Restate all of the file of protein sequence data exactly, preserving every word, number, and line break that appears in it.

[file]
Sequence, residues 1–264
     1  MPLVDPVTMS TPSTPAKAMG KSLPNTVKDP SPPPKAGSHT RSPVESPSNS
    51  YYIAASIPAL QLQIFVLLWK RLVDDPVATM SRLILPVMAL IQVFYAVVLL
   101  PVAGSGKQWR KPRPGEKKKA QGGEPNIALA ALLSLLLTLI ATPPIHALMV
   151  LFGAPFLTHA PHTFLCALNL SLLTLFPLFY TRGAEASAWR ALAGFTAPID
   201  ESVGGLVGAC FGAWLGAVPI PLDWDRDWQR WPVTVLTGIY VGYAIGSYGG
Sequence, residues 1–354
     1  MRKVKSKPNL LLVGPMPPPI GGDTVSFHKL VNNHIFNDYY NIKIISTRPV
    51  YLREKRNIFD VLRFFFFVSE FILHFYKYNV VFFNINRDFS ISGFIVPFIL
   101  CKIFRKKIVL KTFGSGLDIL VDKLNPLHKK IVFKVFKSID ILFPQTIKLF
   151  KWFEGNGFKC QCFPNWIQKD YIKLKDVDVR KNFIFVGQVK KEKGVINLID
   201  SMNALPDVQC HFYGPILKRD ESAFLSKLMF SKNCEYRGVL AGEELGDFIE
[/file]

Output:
Sequence, residues 1–264
     1  MPLVDPVTMS TPSTPAKAMG KSLPNTVKDP SPPPKAGSHT RSPVESPSNS
    51  YYIAASIPAL QLQIFVLLWK RLVDDPVATM SRLILPVMAL IQVFYAVVLL
   101  PVAGSGKQWR KPRPGEKKKA QGGEPNIALA ALLSLLLTLI ATPPIHALMV
   151  LFGAPFLTHA PHTFLCALNL SLLTLFPLFY TRGAEASAWR ALAGFTAPID
   201  ESVGGLVGAC FGAWLGAVPI PLDWDRDWQR WPVTVLTGIY VGYAIGSYGG
Sequence, residues 1–354
     1  MRKVKSKPNL LLVGPMPPPI GGDTVSFHKL VNNHIFNDYY NIKIISTRPV
    51  YLREKRNIFD VLRFFFFVSE FILHFYKYNV VFFNINRDFS ISGFIVPFIL
   101  CKIFRKKIVL KTFGSGLDIL VDKLNPLHKK IVFKVFKSID ILFPQTIKLF
   151  KWFEGNGFKC QCFPNWIQKD YIKLKDVDVR KNFIFVGQVK KEKGVINLID
   201  SMNALPDVQC HFYGPILKRD ESAFLSKLMF SKNCEYRGVL AGEELGDFIE